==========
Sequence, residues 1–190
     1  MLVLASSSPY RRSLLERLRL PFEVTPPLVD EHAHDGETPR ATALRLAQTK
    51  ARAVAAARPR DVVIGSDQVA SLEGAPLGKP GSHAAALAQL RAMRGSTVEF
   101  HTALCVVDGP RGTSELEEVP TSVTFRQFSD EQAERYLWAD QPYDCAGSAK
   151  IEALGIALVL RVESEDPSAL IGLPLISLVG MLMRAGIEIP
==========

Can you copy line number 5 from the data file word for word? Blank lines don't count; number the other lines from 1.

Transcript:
   151  IEALGIALVL RVESEDPSAL IGLPLISLVG MLMRAGIEIP